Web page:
Despite US propaganda and despite the enormous problems and difficulties in Cuba, Fidel Castro would be regarded as one of the great leaders of the 20th century. He did not practise the kind of democracy that we seem to pride ourselves on. He has been accused of being brutal and dictatorial and of having political prisoners, but he commands the respect of the overwhelming majority of his people who undoubtedly would want to have a better way of life and to see changes brought to Cuba. While most other Communist countries have collapsed and have been forced to change their systems, Castro has remained adamant and defiant. He was able to withstand the collapse of the Soviet Union that had contributed so much to the economy of Cuba. He is widely respected throughout the region, even by those countries that maintain strong relations with the United States of America. The big question is what would have happened if America had tried to engage Cuba in terms which respected its sovereignty. The United States embargo created immense difficulties for the Cuban economy and is to a large extent responsible for many of the difficulties that Cuba faces. The American policy is largely influenced by its domestic politics, by the anti-Cuban lobby and by the American exiles in Florida waiting to fleece on the body of Cuba. The American government has even set up departments to engineer and plan for transition in Cuba as if Cuba belongs to it. As with Iraq they hope to move into Cuba and to see American flags flying and Cubans lining the streets greeting them as liberators.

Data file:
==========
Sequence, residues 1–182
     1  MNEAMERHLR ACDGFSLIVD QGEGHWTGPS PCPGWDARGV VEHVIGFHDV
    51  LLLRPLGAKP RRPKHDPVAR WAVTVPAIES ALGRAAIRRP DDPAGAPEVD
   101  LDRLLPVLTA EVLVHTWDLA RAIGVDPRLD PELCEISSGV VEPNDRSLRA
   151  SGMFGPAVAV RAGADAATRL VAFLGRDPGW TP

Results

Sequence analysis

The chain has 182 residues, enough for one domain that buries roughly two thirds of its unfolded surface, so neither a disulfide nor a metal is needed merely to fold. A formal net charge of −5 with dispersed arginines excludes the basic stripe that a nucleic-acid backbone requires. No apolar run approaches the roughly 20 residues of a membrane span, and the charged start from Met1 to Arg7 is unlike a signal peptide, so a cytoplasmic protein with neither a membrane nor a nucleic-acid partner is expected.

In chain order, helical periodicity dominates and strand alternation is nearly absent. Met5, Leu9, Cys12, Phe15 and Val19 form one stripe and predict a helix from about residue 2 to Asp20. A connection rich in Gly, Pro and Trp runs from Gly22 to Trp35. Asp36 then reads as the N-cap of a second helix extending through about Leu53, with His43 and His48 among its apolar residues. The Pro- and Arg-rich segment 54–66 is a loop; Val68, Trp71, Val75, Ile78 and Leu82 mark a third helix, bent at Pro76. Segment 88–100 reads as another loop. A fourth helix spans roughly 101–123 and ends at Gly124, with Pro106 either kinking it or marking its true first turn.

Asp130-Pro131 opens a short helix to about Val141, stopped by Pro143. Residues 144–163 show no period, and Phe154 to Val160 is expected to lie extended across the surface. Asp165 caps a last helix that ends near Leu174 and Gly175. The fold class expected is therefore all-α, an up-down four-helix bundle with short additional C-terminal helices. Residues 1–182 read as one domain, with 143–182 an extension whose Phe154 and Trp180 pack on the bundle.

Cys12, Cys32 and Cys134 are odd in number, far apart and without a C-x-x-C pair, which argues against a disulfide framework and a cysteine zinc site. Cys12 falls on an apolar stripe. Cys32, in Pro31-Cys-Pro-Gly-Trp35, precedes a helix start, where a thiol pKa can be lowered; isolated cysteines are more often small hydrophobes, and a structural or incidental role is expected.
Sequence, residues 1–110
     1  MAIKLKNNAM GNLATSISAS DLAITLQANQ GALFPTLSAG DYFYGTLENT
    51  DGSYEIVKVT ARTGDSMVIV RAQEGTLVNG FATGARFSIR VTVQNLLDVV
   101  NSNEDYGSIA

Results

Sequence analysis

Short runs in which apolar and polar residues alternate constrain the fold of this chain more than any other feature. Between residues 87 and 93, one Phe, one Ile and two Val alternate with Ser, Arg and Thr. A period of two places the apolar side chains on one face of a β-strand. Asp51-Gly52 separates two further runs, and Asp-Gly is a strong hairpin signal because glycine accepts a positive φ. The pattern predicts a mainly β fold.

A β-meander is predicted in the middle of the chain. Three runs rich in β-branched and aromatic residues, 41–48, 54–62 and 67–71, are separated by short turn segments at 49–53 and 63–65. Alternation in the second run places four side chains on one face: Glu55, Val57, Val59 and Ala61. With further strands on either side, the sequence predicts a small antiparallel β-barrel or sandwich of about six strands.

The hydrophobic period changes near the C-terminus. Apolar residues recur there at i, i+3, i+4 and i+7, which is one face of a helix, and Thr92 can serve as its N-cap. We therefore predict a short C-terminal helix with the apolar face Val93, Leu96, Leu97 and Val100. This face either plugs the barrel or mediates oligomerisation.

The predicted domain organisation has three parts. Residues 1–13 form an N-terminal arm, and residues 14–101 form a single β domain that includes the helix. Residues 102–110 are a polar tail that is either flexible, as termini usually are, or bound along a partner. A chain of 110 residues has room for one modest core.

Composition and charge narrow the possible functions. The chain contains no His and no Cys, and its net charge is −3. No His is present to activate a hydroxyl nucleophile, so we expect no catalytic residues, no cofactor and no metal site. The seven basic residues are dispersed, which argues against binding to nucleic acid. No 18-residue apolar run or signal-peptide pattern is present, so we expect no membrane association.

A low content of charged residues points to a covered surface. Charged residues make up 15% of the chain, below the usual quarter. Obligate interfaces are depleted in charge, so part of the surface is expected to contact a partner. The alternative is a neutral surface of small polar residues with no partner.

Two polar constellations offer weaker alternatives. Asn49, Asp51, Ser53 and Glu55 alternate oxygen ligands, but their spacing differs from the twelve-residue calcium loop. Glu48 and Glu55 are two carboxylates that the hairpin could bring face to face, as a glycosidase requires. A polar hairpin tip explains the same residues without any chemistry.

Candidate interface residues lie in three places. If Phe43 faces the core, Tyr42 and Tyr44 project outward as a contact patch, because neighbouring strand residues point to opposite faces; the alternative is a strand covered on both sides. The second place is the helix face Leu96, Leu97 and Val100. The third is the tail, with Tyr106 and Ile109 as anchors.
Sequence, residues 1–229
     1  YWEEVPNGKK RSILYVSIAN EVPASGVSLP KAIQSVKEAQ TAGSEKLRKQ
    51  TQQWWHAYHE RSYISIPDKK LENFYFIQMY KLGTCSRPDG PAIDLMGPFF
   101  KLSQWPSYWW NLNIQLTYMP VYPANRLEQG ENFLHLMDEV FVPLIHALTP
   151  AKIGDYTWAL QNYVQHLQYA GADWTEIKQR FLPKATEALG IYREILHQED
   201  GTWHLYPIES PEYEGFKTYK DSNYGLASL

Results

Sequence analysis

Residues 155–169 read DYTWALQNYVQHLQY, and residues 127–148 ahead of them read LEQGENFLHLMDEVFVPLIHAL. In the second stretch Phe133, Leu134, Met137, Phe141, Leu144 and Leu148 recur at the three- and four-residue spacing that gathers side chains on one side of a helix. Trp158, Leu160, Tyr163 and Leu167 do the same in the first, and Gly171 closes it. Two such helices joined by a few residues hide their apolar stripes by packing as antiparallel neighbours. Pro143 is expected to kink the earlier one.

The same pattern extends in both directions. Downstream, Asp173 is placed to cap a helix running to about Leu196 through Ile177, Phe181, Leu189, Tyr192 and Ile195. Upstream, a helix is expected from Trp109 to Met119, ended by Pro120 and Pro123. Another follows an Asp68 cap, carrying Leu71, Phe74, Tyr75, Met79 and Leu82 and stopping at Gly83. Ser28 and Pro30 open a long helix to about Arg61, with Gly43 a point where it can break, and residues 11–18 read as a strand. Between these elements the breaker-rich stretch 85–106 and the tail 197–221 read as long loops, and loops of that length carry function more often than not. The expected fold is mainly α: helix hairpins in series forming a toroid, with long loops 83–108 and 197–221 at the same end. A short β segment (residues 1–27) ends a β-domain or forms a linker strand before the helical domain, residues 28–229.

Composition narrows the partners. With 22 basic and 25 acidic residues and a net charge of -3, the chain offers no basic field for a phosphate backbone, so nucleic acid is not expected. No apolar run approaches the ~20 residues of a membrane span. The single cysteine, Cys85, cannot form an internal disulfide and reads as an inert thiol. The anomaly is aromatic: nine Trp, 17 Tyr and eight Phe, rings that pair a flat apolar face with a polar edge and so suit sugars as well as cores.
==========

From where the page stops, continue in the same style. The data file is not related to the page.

The death of Castro is unlikely to see the collapse of the system which has become institutionalised and not dependent on him. It is still common to knock Castro and Cuba despite their contribution to our part of the world. To hail Castro is not to accept all his shortcomings and the plight of the people of Cuba today. When one acknowledges the problems Cuba has faced over the years the very fact of survival and the gains made in certain areas are testament to the vigour of the Cuban people and its leadership. What is needed at this period is constructive engagement. Cuba has a population of a little over 11 million people. It is a small country with enormous potential. The Cubans are no threat to us. They are our friends. They are not telling us to accept their system. We need meanwhile to look more closely at ourselves for under the guise of our Westminster ‘democracies’ we tolerate quite a lot. Instead of constantly criticising Cuba we must hold a mirror to our society and deal with our deficiencies and poor governance. This post Fidel period will undoubtedly be one of transition. The question is transition to what. It depends ultimately on the process and climate of engagement with the rest of the world. If America rids itself of its arrogance it can help to guide not control the process.